A new school year is around the corner! This year this statement is met with more worry, trepidation and anxiety than in the past. In previous years, we have met the new school year with excitement — and maybe a few butterflies in our stomachs. But this fall, it’s there are so many added concerns and unknowns. Even though heading to school looks and feels totally different this year, there is still the potential for our young ones to grow. Drawing on the parable of the growing seed, your children can explore the many blessings that have already emerged during the pandemic and can anticipate the growth of new joys once they return to school.
Begin the time with your children by talking about expectations for the new school year. Ask them to share what they’re excited about, what they’re concerned about and what they think school will look and feel like. Acknowledge the fact that this school year will likely look and feel very different than previous years. There may be some aspects of it that we can’t predict or envision while there will also be qualities that remain the same.
Read aloud Mark 4:26-29. Before reading, tell your children that this is one the parables Jesus tells his followers to help them understand the kingdom of God. The disciples were confused about this idea. Jesus knew this, so he used stories that connected it to things they already understood well. He knew that if got them to think about ideas they were comfortable with and then tied these to the kingdom of God, they might be able to envision this new and complicated concept. Since the people he was speaking to knew and thought a lot about growing their food, he used the process of planting seeds and watching them grow in this story.
After reading the passage, talk about the image Jesus paints in this parable. How are the seeds planted in this story? What causes them to grow? What does the person do with the wheat once it has grown? Note that the farmer only scatters the seeds and then harvests the wheat once it is grown. The growth process takes place because the earth nurtures the seed and helps it become a plant that can feed the farmer.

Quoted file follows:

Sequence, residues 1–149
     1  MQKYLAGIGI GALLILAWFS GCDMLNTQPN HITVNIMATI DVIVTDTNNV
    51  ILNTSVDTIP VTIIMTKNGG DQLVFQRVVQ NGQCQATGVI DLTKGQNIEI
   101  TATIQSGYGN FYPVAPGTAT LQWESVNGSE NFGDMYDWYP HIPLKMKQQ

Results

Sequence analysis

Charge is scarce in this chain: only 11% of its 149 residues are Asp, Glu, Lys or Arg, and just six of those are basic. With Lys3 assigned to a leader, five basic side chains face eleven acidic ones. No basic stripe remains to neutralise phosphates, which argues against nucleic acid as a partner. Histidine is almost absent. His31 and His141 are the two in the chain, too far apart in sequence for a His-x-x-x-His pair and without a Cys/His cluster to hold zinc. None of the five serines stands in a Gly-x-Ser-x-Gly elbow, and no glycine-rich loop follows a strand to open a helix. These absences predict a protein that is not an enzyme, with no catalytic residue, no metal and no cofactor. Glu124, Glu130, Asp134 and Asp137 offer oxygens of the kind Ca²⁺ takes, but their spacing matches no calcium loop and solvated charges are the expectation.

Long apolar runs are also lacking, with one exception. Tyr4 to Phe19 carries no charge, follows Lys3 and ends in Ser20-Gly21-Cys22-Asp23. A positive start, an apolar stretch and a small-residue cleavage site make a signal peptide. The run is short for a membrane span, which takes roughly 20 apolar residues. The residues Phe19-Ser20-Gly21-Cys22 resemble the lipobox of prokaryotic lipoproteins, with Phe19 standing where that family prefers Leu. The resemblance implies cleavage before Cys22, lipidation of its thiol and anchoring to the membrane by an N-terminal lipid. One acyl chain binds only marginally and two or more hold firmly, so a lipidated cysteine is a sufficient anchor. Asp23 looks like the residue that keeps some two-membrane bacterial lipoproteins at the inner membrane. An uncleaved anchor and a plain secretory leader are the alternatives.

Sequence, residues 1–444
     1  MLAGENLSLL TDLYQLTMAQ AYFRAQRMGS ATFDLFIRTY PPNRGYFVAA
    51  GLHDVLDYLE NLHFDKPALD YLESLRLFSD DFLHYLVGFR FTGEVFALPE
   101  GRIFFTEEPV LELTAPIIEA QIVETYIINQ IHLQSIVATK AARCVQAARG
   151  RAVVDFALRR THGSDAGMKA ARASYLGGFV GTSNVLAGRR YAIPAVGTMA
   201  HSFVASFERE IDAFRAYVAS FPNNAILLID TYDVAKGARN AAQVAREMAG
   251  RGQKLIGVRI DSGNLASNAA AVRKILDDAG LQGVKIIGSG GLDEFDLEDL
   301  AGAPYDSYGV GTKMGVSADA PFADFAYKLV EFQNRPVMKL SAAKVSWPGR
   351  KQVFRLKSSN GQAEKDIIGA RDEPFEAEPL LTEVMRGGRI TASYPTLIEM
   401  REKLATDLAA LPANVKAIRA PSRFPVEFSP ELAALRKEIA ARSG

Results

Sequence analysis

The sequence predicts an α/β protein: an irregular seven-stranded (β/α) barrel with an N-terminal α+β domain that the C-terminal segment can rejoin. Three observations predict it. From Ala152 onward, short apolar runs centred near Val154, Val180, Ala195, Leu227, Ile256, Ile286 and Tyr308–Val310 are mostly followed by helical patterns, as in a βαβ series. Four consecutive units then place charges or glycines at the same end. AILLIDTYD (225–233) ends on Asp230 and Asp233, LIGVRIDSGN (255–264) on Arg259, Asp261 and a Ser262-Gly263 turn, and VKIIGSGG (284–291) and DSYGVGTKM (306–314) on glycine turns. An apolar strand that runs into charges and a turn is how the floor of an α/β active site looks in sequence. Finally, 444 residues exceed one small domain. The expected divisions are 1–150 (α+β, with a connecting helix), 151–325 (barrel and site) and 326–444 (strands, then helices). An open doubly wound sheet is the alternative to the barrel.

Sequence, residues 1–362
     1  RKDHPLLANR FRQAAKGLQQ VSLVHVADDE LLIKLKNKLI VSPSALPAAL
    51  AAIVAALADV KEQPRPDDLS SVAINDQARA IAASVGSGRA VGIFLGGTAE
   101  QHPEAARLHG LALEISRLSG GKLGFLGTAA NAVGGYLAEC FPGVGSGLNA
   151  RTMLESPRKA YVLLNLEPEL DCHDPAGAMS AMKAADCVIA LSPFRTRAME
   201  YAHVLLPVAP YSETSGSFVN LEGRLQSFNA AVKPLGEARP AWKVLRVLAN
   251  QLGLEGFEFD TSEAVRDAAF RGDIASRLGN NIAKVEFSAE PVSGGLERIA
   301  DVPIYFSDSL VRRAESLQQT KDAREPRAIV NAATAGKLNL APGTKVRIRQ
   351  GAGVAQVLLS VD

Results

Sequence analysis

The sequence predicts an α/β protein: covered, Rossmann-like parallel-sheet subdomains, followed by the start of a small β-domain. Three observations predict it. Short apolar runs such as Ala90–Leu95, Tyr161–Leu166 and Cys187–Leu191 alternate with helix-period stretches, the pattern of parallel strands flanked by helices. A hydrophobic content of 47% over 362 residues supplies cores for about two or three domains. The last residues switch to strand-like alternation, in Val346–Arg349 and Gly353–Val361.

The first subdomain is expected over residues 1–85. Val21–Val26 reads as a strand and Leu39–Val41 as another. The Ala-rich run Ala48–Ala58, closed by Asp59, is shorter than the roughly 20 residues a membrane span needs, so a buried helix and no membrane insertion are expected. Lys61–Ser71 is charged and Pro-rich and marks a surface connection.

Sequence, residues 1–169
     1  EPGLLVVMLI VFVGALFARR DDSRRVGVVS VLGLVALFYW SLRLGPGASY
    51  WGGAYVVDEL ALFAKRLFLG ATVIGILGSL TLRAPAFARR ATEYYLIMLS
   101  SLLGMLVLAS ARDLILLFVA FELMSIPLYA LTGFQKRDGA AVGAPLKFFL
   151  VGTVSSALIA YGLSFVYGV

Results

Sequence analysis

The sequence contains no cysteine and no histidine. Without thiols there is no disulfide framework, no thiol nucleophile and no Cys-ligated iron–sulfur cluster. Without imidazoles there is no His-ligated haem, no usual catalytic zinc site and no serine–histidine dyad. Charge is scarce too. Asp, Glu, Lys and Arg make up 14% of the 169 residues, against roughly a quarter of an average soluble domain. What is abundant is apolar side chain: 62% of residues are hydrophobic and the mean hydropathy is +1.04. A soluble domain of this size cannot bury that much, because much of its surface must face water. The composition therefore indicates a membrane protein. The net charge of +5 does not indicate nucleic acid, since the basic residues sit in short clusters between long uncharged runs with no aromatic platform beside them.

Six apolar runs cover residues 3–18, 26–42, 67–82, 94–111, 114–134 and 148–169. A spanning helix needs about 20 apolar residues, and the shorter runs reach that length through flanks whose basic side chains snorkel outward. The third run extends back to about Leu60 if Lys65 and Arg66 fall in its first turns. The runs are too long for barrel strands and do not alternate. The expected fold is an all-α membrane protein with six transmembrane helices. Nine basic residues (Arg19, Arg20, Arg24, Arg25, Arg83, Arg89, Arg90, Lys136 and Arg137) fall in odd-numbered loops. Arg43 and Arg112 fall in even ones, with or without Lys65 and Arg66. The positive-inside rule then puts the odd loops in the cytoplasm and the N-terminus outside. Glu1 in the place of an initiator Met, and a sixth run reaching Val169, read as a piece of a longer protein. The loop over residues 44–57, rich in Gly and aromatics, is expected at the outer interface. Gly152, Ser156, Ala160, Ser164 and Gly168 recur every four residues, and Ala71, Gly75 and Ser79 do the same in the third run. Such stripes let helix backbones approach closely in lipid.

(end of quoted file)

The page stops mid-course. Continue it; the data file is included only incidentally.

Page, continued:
Help your children make the connection between this image and the idea of the kingdom of God. Young children often cannot make the cognitive leap needed to understand figurative language. Explain that Jesus is letting his followers know that the kingdom of God grows around us even though we may not see how it is growing. We can help get the goodness contained in God’s kingdom going just like the person who plants the seed and we can benefit from it when it grows. However, God is the one helping it grow. This tells us that God brings about all kinds of good in our world. All we need to do is plant the seeds.
To help connect this idea to your children’s lives, try this activity. Gather the following supplies:
- Popsicle sticks
- Markers or crayons
- A bowl of sand or dirt
- Several dried beans
Place the bowl of sand or dirt in front of your children. Tell them it represents the soil that the planter in Jesus’ story would have scattered the seeds across. Then hand them several dried beans. Share that the beans represent the things that your family has done since the pandemic began that bring them joy, peace or happiness. These might be activities you did as a family or that your child has done independently, something someone did for your child or something she noticed in the world that she might not have paid attention before. Have your children “plant” these beans in the soil/sand.
Note that these wonderful things have grown over the time that you’ve been living through the pandemic. They have grown into experiences that have helped your family during this challenging time. On each popsicle stick, ask your child to write or draw something that has happened since COVID-19 began that you are grateful for. (For pre-literate children, parents can write words on the sticks or you can talk about good things in your lives and have your child color the sticks.) Then place these sticks in the soil/sand so that they are standing upright, just like a stalk of wheat. Reflect on all of the blessings that have grown in the midst of the pandemic.
Hand your children a few more beans. Remind them that they can continue to plant seeds for goodness to grow as they head into this unusual new school year. Have them share what they hope these seeds will grow to be. If they have difficulty imagining the blessings that might come out of this new way of going to school, brainstorm alongside them. Then plant one bean per blessing in the soil. Say a prayer that these “seeds” might grow. (You might want to keep the bowl of “plants” around for the school year, returning to it and adding popsicle sticks to represent the blessings that have grown.)
JOELLE BRUMMIT-YALE is the director of children’s and youth ministries at Chapel in the Pines Presbyterian in Chapel Hill, North Carolina. When not at the church, she can usually be found at home with her son and husband caring for their many animals and developing their family homestead.